עֲשֵׂה לְךָ רַב, וּקְנֵה לְךָ חָבֵרPirkei Avot 1, Mishnah 6
Make for yourself a rabbi (aseh lecha rav) and acquire for yourself a friend” (kneh lecha chaver).
The rabbinical exhortation to Aseh lecha rav is mentioned twice in Pirkei Avot, indicating its importance.
When we think of a contemporary rabbis, we most likely envision graduates from a Rabbinical seminary. Yet we had rabbis ages before Jewish seminaries existed and gained traction as a modern 19th century development.
After the introduction of seminaries, ordination became a very formal process. Jewish authorities believe that to be a result of external pressures and influences.
In C/Hasidic tradition, rabbinical status was conveyed by way of s’micha — laying of hands.
“And he laid his hands (va-yismokh) upon him, and gave him a charge, as the Lord spoke by the hand of Moses.”Bamidbar/Numbers 27: 23
Moses passes the torch to his disciple Joshua (Yehoshua/יהושע) by laying his hands upon him.
S’micha was a physical leaning in — a rabbi (who had received s’micha from another rabbi) would lay his hands on the shoulders of a Torah scholar and confer s’micha onto him.
S’micha could also be conferred via an individual or kehillah (Jewish community), who viewed a person capable of imparting the heart and soul of Judaism as their rav.
There was opposition to the formal seminary system as a means to produce rabbis, even though s’micha status was still honored and valid.
What does it mean to make for yourself a rav?
Maimonides (Rambam) zeroed in on the verb “aseh” (make). It doesn’t say to acquire or find as you may do by joining a synagogue, it says make.
Synonyms for make are: create, fashion, shape, form, bring into being or bring into existence.
Make is something you bring into being through your own powers of discernment and volition. Shaping and forming speaks to a co-creative relationship, not a one way street.
What does the word rabbi mean?
The English term “rabbi” means Teacher (in the spiritual/theological sense). For C/Hasidic Jews, the Hebrew word “rav” denotes a high degree of respect and personal connection to one’s “rav,” as in “my rav.”
While writing this drasha, it occurred to me that Moses, the leader of the Israelite nation, made for himself a rav in the close-knit mentor/student relationship he had with his father- in-law, Yitro, a Midianite priest. Yitro was not only his rav (mentor), Moses trusted Yitro as an ally and friend.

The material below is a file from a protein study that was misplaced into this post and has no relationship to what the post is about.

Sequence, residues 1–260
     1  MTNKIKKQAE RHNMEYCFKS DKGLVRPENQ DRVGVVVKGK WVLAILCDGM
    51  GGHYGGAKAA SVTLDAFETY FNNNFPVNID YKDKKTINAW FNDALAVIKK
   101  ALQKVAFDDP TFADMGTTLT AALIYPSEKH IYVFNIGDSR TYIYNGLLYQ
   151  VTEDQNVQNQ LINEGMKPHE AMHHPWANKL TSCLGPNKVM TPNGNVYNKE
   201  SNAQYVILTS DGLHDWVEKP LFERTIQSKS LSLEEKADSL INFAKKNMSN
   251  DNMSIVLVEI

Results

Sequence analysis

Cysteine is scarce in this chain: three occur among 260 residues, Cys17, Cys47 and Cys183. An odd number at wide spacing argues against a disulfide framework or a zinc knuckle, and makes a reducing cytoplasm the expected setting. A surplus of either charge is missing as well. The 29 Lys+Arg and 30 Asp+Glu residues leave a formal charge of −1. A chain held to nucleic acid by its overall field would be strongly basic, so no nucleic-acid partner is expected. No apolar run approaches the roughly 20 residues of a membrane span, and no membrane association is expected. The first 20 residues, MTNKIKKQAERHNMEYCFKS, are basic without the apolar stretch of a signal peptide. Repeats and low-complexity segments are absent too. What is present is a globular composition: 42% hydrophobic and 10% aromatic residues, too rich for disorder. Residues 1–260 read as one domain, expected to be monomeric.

The ‘making’ of a personal rabbi is captured beautifully in the quote below:
“Jewish learning traditionally was not defined by access to knowledge but rather by the intimate and often revelatory relationship between teacher and student. This intimacy is captured in the word Torah itself, which means “instruction,” suggesting that communication, a connection between people, is at the heart of the enterprise.”Dr. Susan Handelman, professor of English at Bar-Ilan University, Israel
Conferment of knowledge is not enough to truly Teach and to truly Learn.
Make for yourself a rabbi and acquire for yourself a friend.
The sentence structure tells us these two precepts go hand-in-hand. Sentence structures are always significant in Jewish texts.
To make for yourself a rav, you have to be ready to receive. Has it ever happened to you unexpectedly without the conscious awareness of being ready?
In some interpretations the “friend” is your chavruta (Torah study partner). In another interpretation, the friend is your rav.
Last but not least, Aseh lecha rav עשה לך רב can be interpreted two different ways: 1) Make another person your rav. 2) Make yourself your rav as well. In my mind, the two interpretations are interdependent and need to co-exist. A rav should be a role model, first and foremost. You have to be attuned to your own voice of wisdom to choose your role model wisely.
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Yohanan ben Zakkai, (30 BCE–90 CE) 1st-century sage in Yehuda (Judea) and key contributor to the Mishnah, was the first to be called “Rabbi” or “Rabban” (our teacher, our master).